That's spectacular work. You guys make an outstanding team. I know I'd have reservations attempting some of the incredibly work you two do, and so watching you guys not only attempt it, but succeed really motivates me!

Alice said...

This is more exciting to me than reading a good mystery. I enjoyed reading about your kitchen remodel, and I know this one will be just as good. You write so well about your experiences. I've said this before, but a collection of your blog essays would make a really good book. I know I'd buy such a book! Write on.

Anonymous said...

Have never EVER seen a house with entirely level floors and straight walls! What you did is impressive and even more so working in a stinking crawl space! WOWSA! Bravo! - Sherry in MT (MTWaggin)

Leigh said...

Jacqueline, oh for a basement! We had one on our list when we looked at homes, but they aren't real common around here. Never dreamed the crawlspace would be such a chore to work in though.

Badgerpendous, aw shucks. Dan gets 99% of the credit for this project. He has the know-how and willingness to do it. I get to be gopher. :)

Alice, LOL. I confess I enjoy reading these kinds of things too. I actually am working on a book based on my blog, though it's focus is more on homesteading than house remodeling. Maybe that could be my book two. :)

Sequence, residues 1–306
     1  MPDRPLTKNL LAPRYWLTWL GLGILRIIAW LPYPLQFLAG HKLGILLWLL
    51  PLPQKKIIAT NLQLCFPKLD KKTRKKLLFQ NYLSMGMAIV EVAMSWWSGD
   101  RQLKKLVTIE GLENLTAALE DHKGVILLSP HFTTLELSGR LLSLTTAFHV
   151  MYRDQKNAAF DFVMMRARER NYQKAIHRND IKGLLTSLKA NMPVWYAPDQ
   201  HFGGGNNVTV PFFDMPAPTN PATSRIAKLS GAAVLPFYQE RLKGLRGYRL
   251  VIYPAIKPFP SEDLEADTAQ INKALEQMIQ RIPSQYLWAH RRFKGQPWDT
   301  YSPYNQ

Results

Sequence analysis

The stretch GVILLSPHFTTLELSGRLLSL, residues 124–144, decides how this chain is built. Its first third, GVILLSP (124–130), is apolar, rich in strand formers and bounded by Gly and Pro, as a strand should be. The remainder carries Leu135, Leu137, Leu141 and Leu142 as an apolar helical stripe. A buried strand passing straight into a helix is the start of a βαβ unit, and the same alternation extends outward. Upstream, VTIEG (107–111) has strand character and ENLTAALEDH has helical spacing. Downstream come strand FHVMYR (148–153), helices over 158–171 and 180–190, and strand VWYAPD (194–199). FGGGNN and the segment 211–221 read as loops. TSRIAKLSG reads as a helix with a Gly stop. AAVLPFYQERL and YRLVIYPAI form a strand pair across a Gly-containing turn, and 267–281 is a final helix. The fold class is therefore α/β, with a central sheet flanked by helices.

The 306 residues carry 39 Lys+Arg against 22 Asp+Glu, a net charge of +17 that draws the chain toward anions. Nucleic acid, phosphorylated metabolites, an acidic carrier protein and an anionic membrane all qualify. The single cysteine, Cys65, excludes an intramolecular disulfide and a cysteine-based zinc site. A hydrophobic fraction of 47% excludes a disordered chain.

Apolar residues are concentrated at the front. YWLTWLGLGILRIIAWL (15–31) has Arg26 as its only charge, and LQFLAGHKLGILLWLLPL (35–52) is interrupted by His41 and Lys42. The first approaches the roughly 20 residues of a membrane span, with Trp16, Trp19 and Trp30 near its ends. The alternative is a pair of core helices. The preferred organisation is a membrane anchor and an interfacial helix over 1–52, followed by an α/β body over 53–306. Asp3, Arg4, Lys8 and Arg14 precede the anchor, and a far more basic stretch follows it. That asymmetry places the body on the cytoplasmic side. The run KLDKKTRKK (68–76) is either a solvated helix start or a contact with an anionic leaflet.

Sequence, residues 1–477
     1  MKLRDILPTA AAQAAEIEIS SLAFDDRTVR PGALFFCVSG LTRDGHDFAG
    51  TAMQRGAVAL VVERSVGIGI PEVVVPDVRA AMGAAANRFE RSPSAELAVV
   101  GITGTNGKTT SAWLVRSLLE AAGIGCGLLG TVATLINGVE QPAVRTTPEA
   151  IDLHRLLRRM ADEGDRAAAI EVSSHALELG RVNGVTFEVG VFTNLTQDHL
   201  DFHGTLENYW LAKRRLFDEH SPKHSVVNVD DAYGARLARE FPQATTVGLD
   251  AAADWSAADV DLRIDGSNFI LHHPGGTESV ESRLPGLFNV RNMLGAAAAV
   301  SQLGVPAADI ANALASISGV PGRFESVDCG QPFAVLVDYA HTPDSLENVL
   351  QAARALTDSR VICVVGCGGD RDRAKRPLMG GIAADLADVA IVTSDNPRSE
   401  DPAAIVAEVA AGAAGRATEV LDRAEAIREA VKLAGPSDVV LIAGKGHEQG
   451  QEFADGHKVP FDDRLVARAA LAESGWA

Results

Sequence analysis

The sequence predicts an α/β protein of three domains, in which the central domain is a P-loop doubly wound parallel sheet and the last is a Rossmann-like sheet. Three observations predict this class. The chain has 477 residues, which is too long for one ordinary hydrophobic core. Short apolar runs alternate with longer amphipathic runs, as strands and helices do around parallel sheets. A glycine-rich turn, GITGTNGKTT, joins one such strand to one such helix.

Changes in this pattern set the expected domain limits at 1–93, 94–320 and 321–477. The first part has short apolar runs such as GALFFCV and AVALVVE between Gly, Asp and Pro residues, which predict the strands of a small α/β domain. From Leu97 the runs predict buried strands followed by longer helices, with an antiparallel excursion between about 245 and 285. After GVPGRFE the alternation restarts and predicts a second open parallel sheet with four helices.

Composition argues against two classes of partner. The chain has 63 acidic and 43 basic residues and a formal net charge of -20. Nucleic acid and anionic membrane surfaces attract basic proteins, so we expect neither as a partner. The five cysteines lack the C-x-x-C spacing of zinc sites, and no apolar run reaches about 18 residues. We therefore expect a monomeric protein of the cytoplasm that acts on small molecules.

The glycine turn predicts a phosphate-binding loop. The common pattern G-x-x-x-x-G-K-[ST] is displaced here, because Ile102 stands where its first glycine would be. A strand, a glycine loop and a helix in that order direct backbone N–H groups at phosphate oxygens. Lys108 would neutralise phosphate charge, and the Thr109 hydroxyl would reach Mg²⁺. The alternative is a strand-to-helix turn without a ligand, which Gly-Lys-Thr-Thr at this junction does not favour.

Sherry, thanks! It's true about those level floors and straight walls. At first, Dan hoped to make everything level and square, but we soon gave up on that. Good enough is good enough.

wildernessready said...

I have to admit, I'm totally impressed with the work you've all done! Well Held!

Leigh said...

Thank you!

Woody said...

On digging out a crawl space; I helped in the process for an old neighbor. We found that a set back away from the stone foundation was necessary because a failure of the footing surely would have followed otherwise. The grade on the outside of the house is equally important because of drainage. Just food for thought. All your projects look fantastic!